Federal Tax Filing and Payment Due Dates Will Not Change

Tax, Business, and Estate Planning Update

Federal Tax Filing and Payment Due Dates Will Not Change

The deadline for tax filings and tax payments will not be postponed. The due date remains July 15, 2020. (IRS News Release 2020-134, June 29, 2020.)

If an individual is unable to file his or her tax return (i.e. the IRS Form 1040 series) by July 15, 2020, he or she can extend the due date for filing the tax return until October 15, 2020. There are two ways to get this extension:

First. The individual can file IRS Form 4868. IRS Form 4868 must be filed on or before July 15, 2020. The taxpayer must also estimate his or her tax liability and pay the amount due.

Second. The individual can determine the amount of tax he or she expects to owe and then pay that amount through Direct Pay, through the Electronic Federal Tax Payment System or with a credit or debit card. The taxpayer will need to indicate that the payment is for an extension to file. When using one of these payment methods, the taxpayer does not have to file IRS Form 4868. Instead, he or she will receive a confirmation number for their records.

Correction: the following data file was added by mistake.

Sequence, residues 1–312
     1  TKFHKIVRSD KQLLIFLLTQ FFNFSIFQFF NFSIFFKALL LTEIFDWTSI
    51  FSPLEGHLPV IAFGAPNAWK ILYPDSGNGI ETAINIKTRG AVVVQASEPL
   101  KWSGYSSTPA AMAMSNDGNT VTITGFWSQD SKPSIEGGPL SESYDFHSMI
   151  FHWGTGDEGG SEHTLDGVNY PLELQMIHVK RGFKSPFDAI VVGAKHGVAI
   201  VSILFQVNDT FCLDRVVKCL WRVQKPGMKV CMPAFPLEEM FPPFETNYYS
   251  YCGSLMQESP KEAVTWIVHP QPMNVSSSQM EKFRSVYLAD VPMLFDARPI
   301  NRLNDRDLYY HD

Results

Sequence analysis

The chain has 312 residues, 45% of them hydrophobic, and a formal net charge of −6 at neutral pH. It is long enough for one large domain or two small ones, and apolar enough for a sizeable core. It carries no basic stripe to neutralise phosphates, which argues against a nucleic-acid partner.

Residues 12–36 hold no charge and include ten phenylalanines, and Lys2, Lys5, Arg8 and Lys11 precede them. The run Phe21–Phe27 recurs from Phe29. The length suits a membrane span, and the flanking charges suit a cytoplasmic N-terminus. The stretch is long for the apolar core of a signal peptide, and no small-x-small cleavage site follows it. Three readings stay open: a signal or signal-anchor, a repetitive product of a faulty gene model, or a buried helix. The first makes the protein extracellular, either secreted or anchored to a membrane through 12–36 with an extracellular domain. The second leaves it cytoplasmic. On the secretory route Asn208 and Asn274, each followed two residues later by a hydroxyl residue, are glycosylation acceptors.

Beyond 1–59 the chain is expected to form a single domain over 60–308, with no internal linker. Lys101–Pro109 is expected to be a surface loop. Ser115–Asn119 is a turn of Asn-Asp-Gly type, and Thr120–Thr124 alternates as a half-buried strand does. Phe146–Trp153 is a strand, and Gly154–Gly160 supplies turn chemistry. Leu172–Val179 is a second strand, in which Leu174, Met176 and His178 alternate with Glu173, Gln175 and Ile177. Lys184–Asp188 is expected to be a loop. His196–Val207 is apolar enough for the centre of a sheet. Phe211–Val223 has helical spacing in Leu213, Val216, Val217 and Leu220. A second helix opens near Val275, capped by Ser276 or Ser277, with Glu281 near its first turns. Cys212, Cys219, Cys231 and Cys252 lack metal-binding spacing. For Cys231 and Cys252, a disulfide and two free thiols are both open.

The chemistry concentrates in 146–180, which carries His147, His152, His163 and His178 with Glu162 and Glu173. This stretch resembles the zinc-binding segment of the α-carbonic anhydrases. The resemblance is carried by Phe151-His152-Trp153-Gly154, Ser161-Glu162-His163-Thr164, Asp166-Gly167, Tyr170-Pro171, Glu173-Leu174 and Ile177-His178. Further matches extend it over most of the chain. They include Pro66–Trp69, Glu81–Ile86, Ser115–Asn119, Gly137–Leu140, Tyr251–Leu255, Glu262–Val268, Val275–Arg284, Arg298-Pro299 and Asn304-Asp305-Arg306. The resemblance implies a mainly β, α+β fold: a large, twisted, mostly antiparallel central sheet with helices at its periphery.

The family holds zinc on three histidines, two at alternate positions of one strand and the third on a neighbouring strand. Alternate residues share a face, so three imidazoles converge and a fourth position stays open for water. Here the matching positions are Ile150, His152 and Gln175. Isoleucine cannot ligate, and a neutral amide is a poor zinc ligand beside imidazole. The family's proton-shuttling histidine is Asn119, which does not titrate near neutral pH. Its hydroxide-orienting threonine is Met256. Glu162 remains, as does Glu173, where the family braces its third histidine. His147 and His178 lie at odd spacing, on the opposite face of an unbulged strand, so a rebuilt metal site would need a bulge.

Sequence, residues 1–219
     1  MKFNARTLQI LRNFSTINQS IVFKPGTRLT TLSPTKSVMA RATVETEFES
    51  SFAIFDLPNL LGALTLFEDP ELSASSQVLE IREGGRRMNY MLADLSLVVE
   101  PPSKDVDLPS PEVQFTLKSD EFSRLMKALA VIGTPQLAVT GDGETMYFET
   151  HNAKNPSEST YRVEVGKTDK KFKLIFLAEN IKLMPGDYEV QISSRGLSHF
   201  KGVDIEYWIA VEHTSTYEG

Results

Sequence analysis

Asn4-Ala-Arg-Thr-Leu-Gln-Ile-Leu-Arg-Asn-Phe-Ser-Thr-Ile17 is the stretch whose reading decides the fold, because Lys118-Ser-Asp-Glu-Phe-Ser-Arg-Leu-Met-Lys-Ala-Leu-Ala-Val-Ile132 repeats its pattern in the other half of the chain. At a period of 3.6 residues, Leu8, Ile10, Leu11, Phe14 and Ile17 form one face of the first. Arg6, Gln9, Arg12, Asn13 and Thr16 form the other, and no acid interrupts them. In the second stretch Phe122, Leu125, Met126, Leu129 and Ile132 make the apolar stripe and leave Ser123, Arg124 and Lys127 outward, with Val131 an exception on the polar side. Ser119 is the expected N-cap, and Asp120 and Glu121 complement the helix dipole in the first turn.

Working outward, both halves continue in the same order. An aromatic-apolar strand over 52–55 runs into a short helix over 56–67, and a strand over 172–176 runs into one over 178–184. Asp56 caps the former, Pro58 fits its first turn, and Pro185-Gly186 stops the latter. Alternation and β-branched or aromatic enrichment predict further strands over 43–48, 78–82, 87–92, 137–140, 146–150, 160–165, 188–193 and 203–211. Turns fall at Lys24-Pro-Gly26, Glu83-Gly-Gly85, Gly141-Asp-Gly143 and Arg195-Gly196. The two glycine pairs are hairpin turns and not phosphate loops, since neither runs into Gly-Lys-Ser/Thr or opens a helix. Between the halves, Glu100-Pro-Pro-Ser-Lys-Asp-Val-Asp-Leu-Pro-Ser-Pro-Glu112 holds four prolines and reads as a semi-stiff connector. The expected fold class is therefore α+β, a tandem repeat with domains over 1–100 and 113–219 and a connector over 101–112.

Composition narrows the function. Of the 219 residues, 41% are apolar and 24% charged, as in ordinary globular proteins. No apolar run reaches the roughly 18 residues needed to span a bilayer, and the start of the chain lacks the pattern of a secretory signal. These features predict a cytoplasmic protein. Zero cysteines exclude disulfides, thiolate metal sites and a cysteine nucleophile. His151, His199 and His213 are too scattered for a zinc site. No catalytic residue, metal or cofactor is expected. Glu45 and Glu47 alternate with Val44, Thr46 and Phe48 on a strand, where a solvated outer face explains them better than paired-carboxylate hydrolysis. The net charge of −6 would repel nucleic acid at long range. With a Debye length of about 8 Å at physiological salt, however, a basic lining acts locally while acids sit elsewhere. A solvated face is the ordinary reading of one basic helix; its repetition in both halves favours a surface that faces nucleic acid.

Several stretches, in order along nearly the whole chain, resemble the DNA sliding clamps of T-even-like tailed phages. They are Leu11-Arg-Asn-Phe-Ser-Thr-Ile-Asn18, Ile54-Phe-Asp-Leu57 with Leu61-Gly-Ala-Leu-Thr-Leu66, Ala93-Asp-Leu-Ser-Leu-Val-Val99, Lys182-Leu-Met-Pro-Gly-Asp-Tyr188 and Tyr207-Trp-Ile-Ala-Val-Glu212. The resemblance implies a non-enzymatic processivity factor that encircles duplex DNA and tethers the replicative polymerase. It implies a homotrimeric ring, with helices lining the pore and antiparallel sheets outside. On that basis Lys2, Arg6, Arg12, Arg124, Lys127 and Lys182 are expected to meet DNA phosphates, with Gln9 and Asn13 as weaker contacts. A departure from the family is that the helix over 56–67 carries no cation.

The due date for paying tax is July 15, 2020. Extending the due date to file the tax return until October 15, 2020, does not extend the due date for paying the tax due. (A taxpayer can request, by July 15, 2020, a six month extension of time to pay tax, but the extension is not automatic and requires an undue hardship. See here for more information.) Interest is charged when the tax is not timely paid. The interest rate is variable. For the third quarter of 2020, the interest rate is 3%.

If a taxpayer is unable to pay the tax in full, the taxpayer has several options. These include:

(a)  A taxpayer might get a loan from a bank or other lender to pay the amount due, especially if the overall cost of the loan is less than the expected total tax, interest, and penalties due the IRS.

(b)  If an individual owes less than $50,000, the individual can setup an online payment agreement.

(c)  A taxpayer can enter into an installment agreement. A payment plan can be arranged by phone or by filing IRS Form 9465. When an installment agreement is in place, the failure to pay penalty is cut in half. The usual penalty rate of 0.5% per month is reduced to 0.25% per month.

(d)  A taxpayer can request an offer in compromise. The taxpayer must meet certain qualifications. To determine eligibility, the IRS has a tool. See more information about the offer in compromise.  

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